OSHAcademy Home page OSHAcademy Store OSHAcademy Certificate Programs OSHAcademy Course Catalog OSHAcademy Ultimate Guides and Handbooks American Safety Council 10/30 Training American Safety Council HAZWOPER Training Certified Safety and Health Manager Exam Preparation Training About OSHAcademy and Frequently Asked Questions Contact OSHAcademy

Reactive vs. Proactive Safety Strategies

Don't just react to safety

It's sad but true - some companies have adopted an approach to safety and health that emphasizes a reactive strategy. A reactive approach assumes that accidents just happen, and there's not much that can be done about it. Consequently, the company places most of its effort reacting to accidents after they occur. A reactive response occurs after an injury or illness and usually has the purpose of minimizing the costs associated with the injury or illness. Reactive safety programs always cost much more than proactive programs...always...because they aren't implemented until an injury or illness has occurred. When management emphasizes a reactive approach to safety and health, it sends two negative messages to employees, (1) we don't care about you, and (2) it's all about money, not your safety. Here are some examples of reactive safety programs.

Be business smart...be proactive

A proactive strategy emphasizes proaction: doing whatever it takes to make sure accidents never happen in the workplace. There are no excuses for an accident. A proactive response to safety and health in the workplace occurs before an accident has occurred. It anticipates and tries to prevent accidents. By emphasizing accident prevention, management sends a message of caring to all employees. Proactive strategies are always less expensive than reactive strategies because the company makes investments that result in potentially huge returns. Remember, proactive programs are implemented to prevent future injuries and illnesses. Here are some examples of proactive safety and health programs.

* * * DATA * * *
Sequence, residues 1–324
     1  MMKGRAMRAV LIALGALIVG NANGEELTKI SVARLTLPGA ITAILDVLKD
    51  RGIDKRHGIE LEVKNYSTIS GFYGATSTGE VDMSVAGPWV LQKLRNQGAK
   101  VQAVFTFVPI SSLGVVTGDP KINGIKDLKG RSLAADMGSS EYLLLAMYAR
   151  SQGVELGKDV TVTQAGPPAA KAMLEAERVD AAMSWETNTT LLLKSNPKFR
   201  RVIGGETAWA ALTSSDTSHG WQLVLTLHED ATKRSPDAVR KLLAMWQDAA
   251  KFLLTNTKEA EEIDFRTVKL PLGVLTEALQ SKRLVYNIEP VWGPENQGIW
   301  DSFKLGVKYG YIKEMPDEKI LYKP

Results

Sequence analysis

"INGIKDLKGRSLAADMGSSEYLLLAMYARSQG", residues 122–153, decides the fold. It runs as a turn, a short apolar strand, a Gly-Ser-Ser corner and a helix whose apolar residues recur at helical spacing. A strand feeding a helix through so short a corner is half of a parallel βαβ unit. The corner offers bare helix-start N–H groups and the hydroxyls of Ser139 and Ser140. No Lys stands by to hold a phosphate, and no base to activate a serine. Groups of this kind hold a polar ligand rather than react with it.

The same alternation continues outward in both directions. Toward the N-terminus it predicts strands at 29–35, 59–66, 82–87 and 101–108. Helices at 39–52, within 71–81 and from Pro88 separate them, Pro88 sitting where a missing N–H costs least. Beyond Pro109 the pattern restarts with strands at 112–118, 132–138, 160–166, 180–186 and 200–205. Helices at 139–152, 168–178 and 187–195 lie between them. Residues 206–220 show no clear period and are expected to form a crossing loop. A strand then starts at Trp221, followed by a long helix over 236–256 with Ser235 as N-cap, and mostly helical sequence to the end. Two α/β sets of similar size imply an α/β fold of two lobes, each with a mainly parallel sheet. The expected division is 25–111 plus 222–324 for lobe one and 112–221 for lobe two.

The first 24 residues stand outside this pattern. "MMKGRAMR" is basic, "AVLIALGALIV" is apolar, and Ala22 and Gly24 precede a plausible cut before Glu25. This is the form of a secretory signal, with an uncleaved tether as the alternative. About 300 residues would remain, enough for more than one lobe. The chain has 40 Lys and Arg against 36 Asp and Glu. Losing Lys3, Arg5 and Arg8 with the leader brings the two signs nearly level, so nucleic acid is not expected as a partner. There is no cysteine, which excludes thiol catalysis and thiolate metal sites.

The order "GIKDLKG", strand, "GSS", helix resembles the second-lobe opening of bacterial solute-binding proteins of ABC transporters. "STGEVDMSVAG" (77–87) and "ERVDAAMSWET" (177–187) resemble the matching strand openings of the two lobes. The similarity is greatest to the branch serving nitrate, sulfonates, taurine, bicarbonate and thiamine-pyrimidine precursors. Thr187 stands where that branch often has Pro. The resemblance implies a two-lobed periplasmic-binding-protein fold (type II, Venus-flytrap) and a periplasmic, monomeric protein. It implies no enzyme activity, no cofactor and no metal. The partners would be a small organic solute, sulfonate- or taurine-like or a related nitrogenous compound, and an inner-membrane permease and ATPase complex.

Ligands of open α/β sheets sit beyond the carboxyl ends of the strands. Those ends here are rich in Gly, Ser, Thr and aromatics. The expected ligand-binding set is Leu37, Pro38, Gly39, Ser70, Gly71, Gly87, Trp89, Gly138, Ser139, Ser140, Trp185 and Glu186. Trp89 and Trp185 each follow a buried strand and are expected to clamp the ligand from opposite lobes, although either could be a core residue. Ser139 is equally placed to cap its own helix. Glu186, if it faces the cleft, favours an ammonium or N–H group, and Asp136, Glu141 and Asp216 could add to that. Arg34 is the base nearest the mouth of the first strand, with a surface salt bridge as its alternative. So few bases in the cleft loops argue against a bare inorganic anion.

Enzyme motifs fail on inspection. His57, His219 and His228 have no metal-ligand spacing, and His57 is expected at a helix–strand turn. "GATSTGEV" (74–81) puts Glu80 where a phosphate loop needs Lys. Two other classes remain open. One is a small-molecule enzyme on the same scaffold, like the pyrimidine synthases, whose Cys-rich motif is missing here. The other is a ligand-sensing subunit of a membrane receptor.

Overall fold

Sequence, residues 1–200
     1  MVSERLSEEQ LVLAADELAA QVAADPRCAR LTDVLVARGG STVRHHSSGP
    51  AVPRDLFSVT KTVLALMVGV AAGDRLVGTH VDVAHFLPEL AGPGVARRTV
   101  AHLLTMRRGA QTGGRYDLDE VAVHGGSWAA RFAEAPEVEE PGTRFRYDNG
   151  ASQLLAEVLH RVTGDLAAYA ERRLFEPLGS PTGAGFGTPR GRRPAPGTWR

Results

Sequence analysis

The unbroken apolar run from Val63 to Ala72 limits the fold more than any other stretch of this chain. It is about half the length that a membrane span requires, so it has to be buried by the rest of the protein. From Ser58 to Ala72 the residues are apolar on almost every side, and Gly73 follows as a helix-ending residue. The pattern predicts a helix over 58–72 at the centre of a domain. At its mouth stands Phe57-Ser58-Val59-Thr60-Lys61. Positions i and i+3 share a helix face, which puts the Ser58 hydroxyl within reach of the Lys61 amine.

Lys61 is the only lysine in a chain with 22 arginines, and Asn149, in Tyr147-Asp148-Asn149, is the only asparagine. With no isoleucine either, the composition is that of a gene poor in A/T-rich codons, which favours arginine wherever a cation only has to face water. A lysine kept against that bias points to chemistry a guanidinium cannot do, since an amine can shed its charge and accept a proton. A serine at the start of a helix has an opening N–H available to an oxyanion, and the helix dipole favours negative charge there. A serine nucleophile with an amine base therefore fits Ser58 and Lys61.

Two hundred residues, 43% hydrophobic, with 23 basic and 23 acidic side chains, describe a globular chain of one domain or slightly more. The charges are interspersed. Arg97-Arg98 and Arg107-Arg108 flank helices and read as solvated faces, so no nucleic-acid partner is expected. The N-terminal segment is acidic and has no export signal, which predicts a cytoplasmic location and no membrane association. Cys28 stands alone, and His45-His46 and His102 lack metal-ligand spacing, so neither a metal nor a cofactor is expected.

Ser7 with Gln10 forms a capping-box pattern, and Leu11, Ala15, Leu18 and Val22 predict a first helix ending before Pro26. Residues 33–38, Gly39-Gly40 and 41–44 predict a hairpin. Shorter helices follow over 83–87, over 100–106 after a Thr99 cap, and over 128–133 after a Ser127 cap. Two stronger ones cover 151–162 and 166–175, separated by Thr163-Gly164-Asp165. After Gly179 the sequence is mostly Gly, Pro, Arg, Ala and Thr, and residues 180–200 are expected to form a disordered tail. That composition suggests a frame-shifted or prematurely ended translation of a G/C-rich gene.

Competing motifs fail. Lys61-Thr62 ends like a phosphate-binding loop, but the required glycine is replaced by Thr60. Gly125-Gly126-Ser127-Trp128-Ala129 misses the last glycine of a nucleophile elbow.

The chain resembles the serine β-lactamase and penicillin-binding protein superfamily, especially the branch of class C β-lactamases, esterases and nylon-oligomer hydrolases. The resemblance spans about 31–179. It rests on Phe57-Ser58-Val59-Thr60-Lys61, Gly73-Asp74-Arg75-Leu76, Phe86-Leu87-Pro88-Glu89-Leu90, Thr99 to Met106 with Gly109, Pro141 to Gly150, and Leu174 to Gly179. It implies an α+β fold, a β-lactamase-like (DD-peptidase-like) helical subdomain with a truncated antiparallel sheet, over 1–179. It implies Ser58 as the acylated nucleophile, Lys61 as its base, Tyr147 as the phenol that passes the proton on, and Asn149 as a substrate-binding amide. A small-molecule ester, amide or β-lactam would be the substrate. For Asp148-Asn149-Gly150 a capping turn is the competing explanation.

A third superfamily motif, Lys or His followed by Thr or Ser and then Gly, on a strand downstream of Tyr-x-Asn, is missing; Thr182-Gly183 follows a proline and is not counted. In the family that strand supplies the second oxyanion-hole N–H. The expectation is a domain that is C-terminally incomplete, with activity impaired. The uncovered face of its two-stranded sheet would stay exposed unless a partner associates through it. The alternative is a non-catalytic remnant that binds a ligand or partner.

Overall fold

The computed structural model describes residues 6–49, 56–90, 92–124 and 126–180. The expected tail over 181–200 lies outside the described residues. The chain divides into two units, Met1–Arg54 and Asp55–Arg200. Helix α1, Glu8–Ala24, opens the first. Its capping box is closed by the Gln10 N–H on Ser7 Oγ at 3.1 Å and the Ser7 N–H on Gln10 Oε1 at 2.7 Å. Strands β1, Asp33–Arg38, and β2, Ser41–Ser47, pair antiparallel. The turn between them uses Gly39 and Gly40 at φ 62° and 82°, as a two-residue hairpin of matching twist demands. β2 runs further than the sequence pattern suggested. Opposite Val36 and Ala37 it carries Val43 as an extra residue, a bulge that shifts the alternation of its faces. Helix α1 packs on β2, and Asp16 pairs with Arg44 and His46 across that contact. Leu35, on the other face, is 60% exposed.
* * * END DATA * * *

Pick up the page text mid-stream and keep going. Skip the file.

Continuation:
Goals and objectives

So now you have a mission statement developed. The next step is to think of some proactive goals and objectives to improve your company's safety and health program.

Goals are easy to write. They're nothing more than wishes. However, operational objectives take a little more thought. Well written objectives should have the following elements present:

  • Starts with an action verb. (Decrease, increase, improve, etc.)
  • Specifies a single key result to be accomplished.
  • Is quantifiable. Uses numbers to measure a desired change. (i.e., 50% increase)
  • Specifies a target date for accomplishment.

For example, operational safety objectives might be written like this:
  • "Increase the number of safety suggestions to 25 a month by July 31st."
  • "Reduce the number of back injuries in the warehouse by 70% by the end of 1997."

Remember to work with the safety committee to share the goals and objectives with everyone in the company. By the end of this course you should be able to think of many more ways to increase management commitment.

Copyright © 2000-2005 OSHA Safety Training Network. All rights reserved. Federal copyright law prohibits unauthorized reproduction by any means and imposes fines up to $25,000 for violations. Students may reproduce materials for personal study. Contact Instructor